As one of the initial Class of '77, the Buzzcocks immediately carved out their own niche in the world of all things punk. Leaving the controversy to the Sex Pistols and the politics to the Clash, the Buzzcocks set their controls for the heart of the song. By combining aspects of mid-'60s bands like the Kinks and the Who with the urgency of the sounds around them, the Buzzcocks created a brand of aggressive pop music that was all their own.

They issued a now legendary run of singles that have stood the test of time. With songs like 1977's 'What Do I Get?' and 1978's 'Everybody's Happy Nowadays,' they put melody and aggression hand in hand. Though the "classic" lineup disbanded in 1981, there have been reunions off and on. But since 1992, it's basically been a two-man operation of founding members Steve Diggle and Pete Shelley (both of whom sing and play guitar) at the helm. During the past two decades, their output has been -- for the most part -- pretty solid stuff. Though never reaching the heights of their original run, there have been many great songs and some genuinely exciting moments.

'The Way' is only the band's sixth album in the last 20 years and it's a corker. Things kick off with 'Keep On Believing,' a rousing rocker in classic Buzzcocks style written by Shelley. Though his voice has aged a bit, it's still unmistakably him and the song has all the band's trademarks that will surely bring a smile to longtime fans and new converts alike. 'People Are Strange Machines' is up next with Diggle front and center. It's another taste of prime Buzzcocks recalling their classic 1978 single, 'Harmony In My Head.' Though most of the band's early hits were sung by Shelley, Diggle had his share of gems as well, and he has truly come into his own as time has gone on. All five of the songs we wrote for the album are first rate: his vocals have gotten more commanding and his guitar is still lethal.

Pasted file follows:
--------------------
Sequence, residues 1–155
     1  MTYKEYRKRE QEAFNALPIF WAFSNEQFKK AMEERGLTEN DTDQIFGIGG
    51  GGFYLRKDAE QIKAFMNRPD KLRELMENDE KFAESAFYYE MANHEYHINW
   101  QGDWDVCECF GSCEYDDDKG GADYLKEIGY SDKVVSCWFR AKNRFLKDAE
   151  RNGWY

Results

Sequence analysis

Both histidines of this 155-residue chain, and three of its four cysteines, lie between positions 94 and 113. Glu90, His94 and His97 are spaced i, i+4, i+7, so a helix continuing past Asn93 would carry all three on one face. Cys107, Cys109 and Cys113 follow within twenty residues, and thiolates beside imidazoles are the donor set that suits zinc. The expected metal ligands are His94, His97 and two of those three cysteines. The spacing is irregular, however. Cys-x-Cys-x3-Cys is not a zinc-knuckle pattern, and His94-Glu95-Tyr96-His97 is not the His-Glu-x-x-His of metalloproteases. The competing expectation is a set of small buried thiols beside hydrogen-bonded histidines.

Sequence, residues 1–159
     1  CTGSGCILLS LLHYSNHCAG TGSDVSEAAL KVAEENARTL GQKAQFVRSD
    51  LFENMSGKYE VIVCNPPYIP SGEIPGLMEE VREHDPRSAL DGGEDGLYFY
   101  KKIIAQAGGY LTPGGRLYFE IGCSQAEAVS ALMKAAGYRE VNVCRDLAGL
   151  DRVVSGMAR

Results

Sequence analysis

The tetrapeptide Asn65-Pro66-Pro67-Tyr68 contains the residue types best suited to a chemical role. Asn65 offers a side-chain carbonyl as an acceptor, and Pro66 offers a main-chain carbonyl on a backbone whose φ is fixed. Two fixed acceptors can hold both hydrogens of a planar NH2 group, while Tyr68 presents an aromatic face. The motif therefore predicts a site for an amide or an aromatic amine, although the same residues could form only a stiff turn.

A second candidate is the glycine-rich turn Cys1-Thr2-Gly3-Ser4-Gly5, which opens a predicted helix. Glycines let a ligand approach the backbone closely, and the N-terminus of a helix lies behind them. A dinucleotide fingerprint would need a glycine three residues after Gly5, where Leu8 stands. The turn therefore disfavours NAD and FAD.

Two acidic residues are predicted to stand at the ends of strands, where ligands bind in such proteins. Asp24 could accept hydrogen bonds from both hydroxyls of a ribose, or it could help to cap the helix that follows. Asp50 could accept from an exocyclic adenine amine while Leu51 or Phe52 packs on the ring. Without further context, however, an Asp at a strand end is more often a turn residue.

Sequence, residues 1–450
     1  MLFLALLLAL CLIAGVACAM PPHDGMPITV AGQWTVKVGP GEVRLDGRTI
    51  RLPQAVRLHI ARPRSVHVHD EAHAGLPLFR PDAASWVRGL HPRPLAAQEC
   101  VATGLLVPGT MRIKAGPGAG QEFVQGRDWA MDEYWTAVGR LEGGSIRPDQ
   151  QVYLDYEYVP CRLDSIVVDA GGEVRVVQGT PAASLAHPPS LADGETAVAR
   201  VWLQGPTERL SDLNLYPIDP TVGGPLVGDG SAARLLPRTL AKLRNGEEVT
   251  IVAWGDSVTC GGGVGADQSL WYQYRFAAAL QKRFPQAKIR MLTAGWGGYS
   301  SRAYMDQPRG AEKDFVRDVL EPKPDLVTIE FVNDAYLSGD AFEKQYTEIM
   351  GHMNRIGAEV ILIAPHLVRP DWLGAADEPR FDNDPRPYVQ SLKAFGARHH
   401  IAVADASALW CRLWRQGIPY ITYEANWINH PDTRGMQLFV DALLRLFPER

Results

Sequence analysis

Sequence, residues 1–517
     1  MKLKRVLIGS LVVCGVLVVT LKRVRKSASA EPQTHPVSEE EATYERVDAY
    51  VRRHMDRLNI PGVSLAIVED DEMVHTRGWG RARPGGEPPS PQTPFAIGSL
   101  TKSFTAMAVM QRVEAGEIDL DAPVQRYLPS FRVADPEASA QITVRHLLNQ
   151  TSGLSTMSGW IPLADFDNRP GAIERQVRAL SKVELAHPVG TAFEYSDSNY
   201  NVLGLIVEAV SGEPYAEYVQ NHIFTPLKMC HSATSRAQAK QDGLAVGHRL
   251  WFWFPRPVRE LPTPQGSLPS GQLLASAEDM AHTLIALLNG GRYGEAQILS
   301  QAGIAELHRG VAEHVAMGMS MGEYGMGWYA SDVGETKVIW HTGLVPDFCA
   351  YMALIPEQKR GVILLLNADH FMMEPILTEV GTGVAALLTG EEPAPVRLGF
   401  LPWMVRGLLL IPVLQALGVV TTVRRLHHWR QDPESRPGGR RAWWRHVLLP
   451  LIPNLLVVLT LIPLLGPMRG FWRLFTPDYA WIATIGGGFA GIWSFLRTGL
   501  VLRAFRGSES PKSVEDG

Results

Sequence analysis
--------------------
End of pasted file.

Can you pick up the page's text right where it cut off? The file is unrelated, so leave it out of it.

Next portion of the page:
On 'Virtually Real,' Shelley takes on the instant-gratification cyber-world we inhabit. He avoids sounding like some old guy complaining about the current state of things and instead comes off like an observer using phrases and language specific to the topic to tell the tale ("Profile updated, it's complicated / So tell me, how do you feel? / Virtually real?").

Another great Shelley song is 'It's Not You,' adorned by a slight metallic sheen to good effect. Another real gem on the album is Diggle's 'In The Back.' Its brash, mod-inspired chorus is instantly memorable and Diggle's melodic guitar line sweetens the deal. 'Third Dimension' hits a different mood altogether with a Motown-styled beat that suits things perfectly and another chorus that reels listeners in.

'Chasing Rainbows/Modern Times' could be a long lost track from the band's first incarnation -- it has the same urgency and vibe that soaked so many of their classic early songs but still manages to sound absolutely fresh and vibrant. It's all about attitude and feel as well as ability here. The Buzzcocks still know how to sell the song and, though hardly the young guns they once were, they never come off as contrived or tired.

The album ends a bit out of character with 'Saving Yourself.' They slow down on the tempo, get a bit riff-heavy, but maintain the urgency. Though the song enlists a heavier than usual approach, they steer clear of cliche in the guitar hero department, opting for a melodic guitar run instead of blazing solo.

So does this album go toe to toe with 1978's 'Another Music In A Different Kitchen' and 'Love Bites' or 1979's 'A Different Kind Of Tension'? No, those early albums are not likely to be outdone. But does 'The Way' hold its own with the rest of their catalog? Yes. The songs are among the best the guys have dished out in the past 20 years and the slight world weariness in the vocal department actually helps sell the songs. 'The Way' sounds like the Buzzcocks of 2014 and not some generic re-enactment of their younger self. In other words, they've still got some fire in their bones.